Food donation schemes and the fact that they help those in need are also a point of great pride. But food donation is just one piece in the waste prevention jigsaw and needs to be paired with other initiatives to produce cost and environmental savings. When we really engage teams, we can get significant savings (up to 30% in some settings) and ensure that people in need benefit. But it needs real commitment throughout a business, and there are a number of hard to reach areas around food waste and the food cycle that we have as yet barely touched on.
Combine the complexity of this issue with the fact that most businesses judge the significance of food waste as an issue by the cost of disposal, and you realize why it is not the key priority for many businesses. Food waste prevention, however, is about a lot more than cost savings. It is a strategic issue that has vital moral and environmental dimensions.
From a moral standpoint, the amount of food we throw away globally is sufficient to provide food for every man, woman and child who is chronically undernourished worldwide (although of course, the food that is wasted is often not in the areas in which there is the greatest hunger). As such, food waste prevention can play a key role in improving national and global food security.
Environmentally, the carbon emissions of meat production alone (14 – 18% of the global total) dwarf those of any single element of the tourism sector (aviation accounts for around 3% of total emissions).
The Out-of-Home (restaurant, pub, café, institutional feeding etc) market accounts for almost half of spending on food in the UK and a similar proportion in other developed countries. So businesses that are really committed to reducing their environmental footprint (let alone improving sustainability) need to fully engage in the food waste agenda and find ways to make a genuine difference to these up-stream moral and environmental issues.
In your view, where do most businesses go wrong when working across the sustainable tourism agenda? What advice do you give them?
Responsible business programs should support long term business success and build trust in a brand. To deliver these outcomes, however, programs need to be more than skin deep. We do help businesses that just want to save a bit of money on energy, water or waste to achieve their ambitions and will promote the environmental improvement that results from these programs. But:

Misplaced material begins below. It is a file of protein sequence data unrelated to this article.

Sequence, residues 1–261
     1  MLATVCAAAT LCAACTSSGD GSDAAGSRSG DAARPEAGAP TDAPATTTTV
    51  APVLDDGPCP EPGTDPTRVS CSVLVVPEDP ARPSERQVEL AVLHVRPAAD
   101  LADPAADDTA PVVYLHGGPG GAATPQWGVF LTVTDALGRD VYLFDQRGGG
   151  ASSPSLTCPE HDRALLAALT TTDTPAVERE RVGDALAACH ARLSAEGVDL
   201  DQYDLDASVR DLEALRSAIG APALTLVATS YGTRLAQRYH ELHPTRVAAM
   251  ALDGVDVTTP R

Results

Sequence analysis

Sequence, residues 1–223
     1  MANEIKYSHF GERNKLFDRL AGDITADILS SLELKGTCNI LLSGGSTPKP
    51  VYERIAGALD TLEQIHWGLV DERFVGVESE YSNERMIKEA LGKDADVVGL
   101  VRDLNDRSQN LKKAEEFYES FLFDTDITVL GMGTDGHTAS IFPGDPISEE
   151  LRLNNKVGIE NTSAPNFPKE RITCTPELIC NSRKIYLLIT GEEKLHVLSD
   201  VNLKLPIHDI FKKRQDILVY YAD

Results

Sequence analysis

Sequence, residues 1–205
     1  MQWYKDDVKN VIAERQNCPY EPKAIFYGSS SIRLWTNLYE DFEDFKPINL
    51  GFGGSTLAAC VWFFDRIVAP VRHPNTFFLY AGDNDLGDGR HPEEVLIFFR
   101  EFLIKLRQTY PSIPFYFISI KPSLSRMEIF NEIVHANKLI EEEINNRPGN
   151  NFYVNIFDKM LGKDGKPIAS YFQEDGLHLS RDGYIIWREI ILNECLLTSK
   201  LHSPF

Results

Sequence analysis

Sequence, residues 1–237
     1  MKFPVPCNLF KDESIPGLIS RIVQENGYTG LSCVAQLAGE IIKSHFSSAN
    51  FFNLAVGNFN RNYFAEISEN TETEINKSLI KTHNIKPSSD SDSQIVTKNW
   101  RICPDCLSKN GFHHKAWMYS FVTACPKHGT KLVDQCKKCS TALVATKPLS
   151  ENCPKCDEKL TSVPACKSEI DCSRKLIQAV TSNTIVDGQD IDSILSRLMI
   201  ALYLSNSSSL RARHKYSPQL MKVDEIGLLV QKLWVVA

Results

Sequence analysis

A bit of resource efficiency does not equate to a fully-fledged commitment to sustainability or responsible business. Businesses that want to really leverage from the trust and quality benefits of sustainability will place these issues at the center of all business decisions (alongside HR, finance, quality control, etc) and will embrace not only the environmental but also the social elements of this agenda.
In fact, we think that social justice will be the next big issue for many businesses. Those who engage in the dialogue around these issues will be those who are genuinely committed to long-term sustainability (some companies are already dealing with these issues).
What three pieces of advice would you give to someone wanting to start a career in the responsible tourism industry?
That’s difficult to answer without resorting to clichés.
- Be passionate about what you do (but don’t become a censorious eco-bore).
- Learn the skills of listening, engaging and motivating … most staff teams are more than able to create solutions to sustainability dilemmas. They just need a bit of facilitation and support along the way.
- Be prepared to start in a mainstream tourism or hospitality role and to convince your employer that the sustainability path is one that will pay dividends (financially, reputation-wise, morally).
 In reality, the cost of food waste disposal accounts for less than 4% of the real costs of food waste – most of the costs of food waste lie in food procurement and staff time processing food that is subsequently thrown away. When judged by disposal cost alone, food waste accounts for a significantly smaller proportion of turnover in most hospitality businesses than energy and water.